Galatians 1:15-17 & Romans 2:12-16
From the Reformer
We now hear what kind of doctrine was committed to Paul: The doctrine of the Gospel, the doctrine of the revelation of the Son of God. This doctrine differs greatly from the Law. The Law terrorizes the conscience. The Law reveals the wrath and judgment of God. The Gospel does not threaten. The Gospel announces that Christ is come to forgive the sins of the world. The Gospel conveys to us the inestimable treasures of God.
—Martin Luther, Commentary on the Epistle to the Galatians
Pulling It Together
It is small wonder Luther was terrified in that legendary lighting storm. He feared for his life but this was the lesser matter. He feared for his eternal soul. The traditions of the Church had instilled in him a dread of the wrath of God. That is a good thing. Yet it is a terrible thing for the believer to only know God’s wrath. Young Luther knew nothing yet of the love and mercy of a gracious God.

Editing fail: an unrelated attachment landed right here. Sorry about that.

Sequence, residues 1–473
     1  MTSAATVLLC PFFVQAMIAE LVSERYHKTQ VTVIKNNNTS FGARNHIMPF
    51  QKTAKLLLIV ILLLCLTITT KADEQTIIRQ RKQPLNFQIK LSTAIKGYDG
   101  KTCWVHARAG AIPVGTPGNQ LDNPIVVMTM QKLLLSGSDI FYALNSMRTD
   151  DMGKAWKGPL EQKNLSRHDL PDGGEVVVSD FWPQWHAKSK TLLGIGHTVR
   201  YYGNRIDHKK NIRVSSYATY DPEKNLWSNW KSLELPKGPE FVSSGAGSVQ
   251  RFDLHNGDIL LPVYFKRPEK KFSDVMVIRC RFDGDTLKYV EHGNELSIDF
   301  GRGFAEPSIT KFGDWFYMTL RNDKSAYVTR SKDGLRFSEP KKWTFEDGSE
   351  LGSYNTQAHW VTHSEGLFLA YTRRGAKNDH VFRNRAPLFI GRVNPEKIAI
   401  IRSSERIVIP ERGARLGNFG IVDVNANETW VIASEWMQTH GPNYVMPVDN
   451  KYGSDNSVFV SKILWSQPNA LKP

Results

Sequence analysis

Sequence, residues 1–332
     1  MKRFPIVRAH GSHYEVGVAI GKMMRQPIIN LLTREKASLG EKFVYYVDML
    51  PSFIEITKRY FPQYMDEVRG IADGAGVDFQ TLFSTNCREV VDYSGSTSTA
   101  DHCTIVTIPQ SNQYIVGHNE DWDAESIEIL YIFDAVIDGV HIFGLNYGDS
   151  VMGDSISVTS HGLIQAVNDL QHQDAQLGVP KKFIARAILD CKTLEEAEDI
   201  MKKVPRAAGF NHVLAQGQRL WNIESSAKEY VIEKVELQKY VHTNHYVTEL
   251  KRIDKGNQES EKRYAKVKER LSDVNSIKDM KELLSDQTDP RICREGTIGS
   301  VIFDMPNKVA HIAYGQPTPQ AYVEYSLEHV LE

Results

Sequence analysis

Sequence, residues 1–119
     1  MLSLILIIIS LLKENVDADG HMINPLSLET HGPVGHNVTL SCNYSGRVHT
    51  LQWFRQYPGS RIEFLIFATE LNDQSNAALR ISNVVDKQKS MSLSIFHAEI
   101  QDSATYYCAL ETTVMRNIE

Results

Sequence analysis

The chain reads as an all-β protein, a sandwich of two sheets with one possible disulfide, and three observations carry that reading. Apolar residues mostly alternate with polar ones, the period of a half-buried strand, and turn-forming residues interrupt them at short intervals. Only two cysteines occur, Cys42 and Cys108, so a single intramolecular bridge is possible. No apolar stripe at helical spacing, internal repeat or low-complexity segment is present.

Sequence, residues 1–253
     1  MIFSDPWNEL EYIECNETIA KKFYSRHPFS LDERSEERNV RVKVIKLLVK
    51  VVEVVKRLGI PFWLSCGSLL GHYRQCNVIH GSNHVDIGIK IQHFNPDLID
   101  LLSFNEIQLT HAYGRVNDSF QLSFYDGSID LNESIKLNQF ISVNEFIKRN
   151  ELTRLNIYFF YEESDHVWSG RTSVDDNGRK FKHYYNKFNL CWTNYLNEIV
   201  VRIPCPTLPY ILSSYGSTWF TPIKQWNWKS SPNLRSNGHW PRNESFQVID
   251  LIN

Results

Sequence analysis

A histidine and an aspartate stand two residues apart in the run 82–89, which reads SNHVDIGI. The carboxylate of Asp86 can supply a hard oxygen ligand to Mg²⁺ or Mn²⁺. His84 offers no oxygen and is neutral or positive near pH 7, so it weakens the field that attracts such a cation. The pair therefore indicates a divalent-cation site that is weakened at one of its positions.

Perhaps it was because he likened the Father to his own demanding father. Whatever the reason, he knew he could not please his heavenly Father. And it terrified him. So to die without extreme unction, alone, and in the hands of an angry God was the worst scenario for Luther to find himself.
Still, God used that storm and Luther’s stormy, befuddled conscience to lead the Church into a season of grace. Eventually, he found Christ. Rather he found the Trinity. Instead of a simple angry Father, that storm cleared the way for Luther to discover in scripture that God is also loving Savior and guiding Spirit.
© Mark E. Ryman, Daily Reform: Devotions with the Reformers